JN: Well, first off, I’m going to quibble with some of your question. You referred to Glenn Youngkin as relatively popular. I think we might change that now to relatively unpopular because he had a horrible night. He went into an evening where I think a lot of folks thought there was a real chance that he was going to get trifecta control, control of the governorship at both houses of the legislature, which would’ve allowed him to advance the whole of his agenda. And remember, that is a agenda that certainly includes assaults on abortion rights, but also has that whole parents’ rights thing, taking power away from communities and have the state come down all sorts of ways to tell you that you can ban books and things like that. And so Youngkin, I think was feeling very confident. He put himself way out front. The joke is that if he won on this Tuesday night, that was the beginning of the Youngkin for President campaign. Well, he didn’t win. That was the end of the Youngkin for President campaign.
And we now have a situation in Virginia where abortion rights are going to be protected at a level that we have not seen up to this point. I mean, it’s a big deal. And the other big deal about it, John, is the people who were elected in Virginia. I mean, there’s a lot of young progressive breakthrough candidates, a lot of firsts. The first trans member of the State Senate, the first openly gay black male member of the State House, and a lot of other young bright candidates who I think are going to really shake up the Virginia legislature. And if I can add one other thing, Virginia has historically been a bad state for labor, a right to work state. And as these Democrats are on the march, you’re seeing a lot of young pro-labor Democrats get elected, and I think that’s going to begin to shift some of the landscape there as well.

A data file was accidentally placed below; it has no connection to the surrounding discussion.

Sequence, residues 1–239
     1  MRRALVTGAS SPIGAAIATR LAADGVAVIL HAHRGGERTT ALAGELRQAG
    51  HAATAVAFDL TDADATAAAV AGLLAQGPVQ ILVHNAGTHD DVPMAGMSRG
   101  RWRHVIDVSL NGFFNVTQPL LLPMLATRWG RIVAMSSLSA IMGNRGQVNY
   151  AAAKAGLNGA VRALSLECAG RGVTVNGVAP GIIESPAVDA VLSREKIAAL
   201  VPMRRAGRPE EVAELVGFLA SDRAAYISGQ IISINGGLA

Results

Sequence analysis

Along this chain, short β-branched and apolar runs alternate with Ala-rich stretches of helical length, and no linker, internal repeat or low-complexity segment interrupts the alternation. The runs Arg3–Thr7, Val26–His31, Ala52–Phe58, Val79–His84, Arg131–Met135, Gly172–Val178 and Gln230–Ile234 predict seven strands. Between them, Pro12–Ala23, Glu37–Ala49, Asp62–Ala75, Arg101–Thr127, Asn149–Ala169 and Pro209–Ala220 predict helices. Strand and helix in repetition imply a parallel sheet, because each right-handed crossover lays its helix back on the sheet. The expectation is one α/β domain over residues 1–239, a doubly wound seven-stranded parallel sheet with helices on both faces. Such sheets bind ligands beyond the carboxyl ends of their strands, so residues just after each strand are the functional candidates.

JW: And I also want to talk about Pennsylvania, which had a different kind of election in which abortion rights figured. This was a vote on a state Supreme Court justice. These are usually very low profile things. Nobody really knows who’s who in these races. The Democratic candidate was a superior court judge named Dan McCaffrey. He campaigned as a defender of abortion rights. Republicans spent a huge amount of money to get their anti-abortion candidate elected to this open seat on the state Supreme Court. The state Supreme Court in Pennsylvania might also be involved in certifying the state’s vote in the 2024 election. So this is a really important one that’s below the radar of most ordinary Americans. What happened in the Pennsylvania Supreme Court election?
JN: Well, once again, and I think we’re starting to sound a little like a broken record here. Abortion rights proved to be a very powerful issue, and the candidate who supported abortion rights won. The Pennsylvania Supreme Court was already a democratic court. They had a majority. If the Republican had won this seat though, it would’ve gotten close. You would’ve ended up in, I think a 4, 3-
JW: Four to three.
JN: … yeah. It would’ve ended up in a situation where it was closer, and then if one Democrat went shaky, things could shift, or if somebody was missing on a particular day. This really solidifies the Supreme Court as a Democratic court, as a court that is supportive of abortion rights. And again, that on a host of other issues, labor rights, education issues, other social issues, this is going to be a more liberal court. And so in Pennsylvania, it was a breakthrough issue, and it’s one of the subtleties when we talk about abortion rights as an issue, John, that we should bring into the mix, and that is that abortion rights is winning. It’s a winning issue right now.